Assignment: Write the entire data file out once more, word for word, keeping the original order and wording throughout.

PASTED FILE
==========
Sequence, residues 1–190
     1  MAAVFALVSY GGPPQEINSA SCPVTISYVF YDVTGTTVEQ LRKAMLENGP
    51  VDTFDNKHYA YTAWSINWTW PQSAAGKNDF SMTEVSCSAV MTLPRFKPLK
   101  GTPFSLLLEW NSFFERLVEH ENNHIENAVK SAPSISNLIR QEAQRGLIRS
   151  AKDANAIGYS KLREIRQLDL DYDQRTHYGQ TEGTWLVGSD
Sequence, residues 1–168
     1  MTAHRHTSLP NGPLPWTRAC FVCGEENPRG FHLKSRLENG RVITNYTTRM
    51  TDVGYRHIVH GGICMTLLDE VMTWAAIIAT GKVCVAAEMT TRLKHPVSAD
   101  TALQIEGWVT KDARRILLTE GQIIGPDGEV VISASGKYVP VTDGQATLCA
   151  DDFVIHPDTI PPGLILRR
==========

Sequence, residues 1–190
     1  MAAVFALVSY GGPPQEINSA SCPVTISYVF YDVTGTTVEQ LRKAMLENGP
    51  VDTFDNKHYA YTAWSINWTW PQSAAGKNDF SMTEVSCSAV MTLPRFKPLK
   101  GTPFSLLLEW NSFFERLVEH ENNHIENAVK SAPSISNLIR QEAQRGLIRS
   151  AKDANAIGYS KLREIRQLDL DYDQRTHYGQ TEGTWLVGSD
Sequence, residues 1–168
     1  MTAHRHTSLP NGPLPWTRAC FVCGEENPRG FHLKSRLENG RVITNYTTRM
    51  TDVGYRHIVH GGICMTLLDE VMTWAAIIAT GKVCVAAEMT TRLKHPVSAD
   101  TALQIEGWVT KDARRILLTE GQIIGPDGEV VISASGKYVP VTDGQATLCA
   151  DDFVIHPDTI PPGLILRR